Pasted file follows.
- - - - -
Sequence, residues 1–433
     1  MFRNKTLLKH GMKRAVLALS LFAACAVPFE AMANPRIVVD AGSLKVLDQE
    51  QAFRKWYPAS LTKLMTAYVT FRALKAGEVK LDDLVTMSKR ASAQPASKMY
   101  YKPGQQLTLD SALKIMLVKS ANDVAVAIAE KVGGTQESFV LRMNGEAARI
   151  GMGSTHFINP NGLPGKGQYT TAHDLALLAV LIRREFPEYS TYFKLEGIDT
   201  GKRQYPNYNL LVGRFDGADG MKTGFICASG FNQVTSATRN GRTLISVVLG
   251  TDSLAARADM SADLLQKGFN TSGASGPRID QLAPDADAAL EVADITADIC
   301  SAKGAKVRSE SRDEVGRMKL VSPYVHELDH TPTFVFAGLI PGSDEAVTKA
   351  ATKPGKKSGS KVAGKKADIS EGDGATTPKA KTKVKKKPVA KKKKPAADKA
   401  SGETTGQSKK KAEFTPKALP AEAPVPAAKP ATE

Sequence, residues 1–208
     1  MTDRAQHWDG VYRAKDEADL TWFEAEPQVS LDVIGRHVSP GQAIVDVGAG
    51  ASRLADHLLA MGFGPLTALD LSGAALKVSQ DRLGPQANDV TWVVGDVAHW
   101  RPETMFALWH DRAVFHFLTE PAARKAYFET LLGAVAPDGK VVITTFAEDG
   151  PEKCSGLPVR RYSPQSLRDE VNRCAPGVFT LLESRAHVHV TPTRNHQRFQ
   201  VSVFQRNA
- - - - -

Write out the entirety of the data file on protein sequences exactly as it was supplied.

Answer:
Sequence, residues 1–433
     1  MFRNKTLLKH GMKRAVLALS LFAACAVPFE AMANPRIVVD AGSLKVLDQE
    51  QAFRKWYPAS LTKLMTAYVT FRALKAGEVK LDDLVTMSKR ASAQPASKMY
   101  YKPGQQLTLD SALKIMLVKS ANDVAVAIAE KVGGTQESFV LRMNGEAARI
   151  GMGSTHFINP NGLPGKGQYT TAHDLALLAV LIRREFPEYS TYFKLEGIDT
   201  GKRQYPNYNL LVGRFDGADG MKTGFICASG FNQVTSATRN GRTLISVVLG
   251  TDSLAARADM SADLLQKGFN TSGASGPRID QLAPDADAAL EVADITADIC
   301  SAKGAKVRSE SRDEVGRMKL VSPYVHELDH TPTFVFAGLI PGSDEAVTKA
   351  ATKPGKKSGS KVAGKKADIS EGDGATTPKA KTKVKKKPVA KKKKPAADKA
   401  SGETTGQSKK KAEFTPKALP AEAPVPAAKP ATE

Sequence, residues 1–208
     1  MTDRAQHWDG VYRAKDEADL TWFEAEPQVS LDVIGRHVSP GQAIVDVGAG
    51  ASRLADHLLA MGFGPLTALD LSGAALKVSQ DRLGPQANDV TWVVGDVAHW
   101  RPETMFALWH DRAVFHFLTE PAARKAYFET LLGAVAPDGK VVITTFAEDG
   151  PEKCSGLPVR RYSPQSLRDE VNRCAPGVFT LLESRAHVHV TPTRNHQRFQ
   201  VSVFQRNA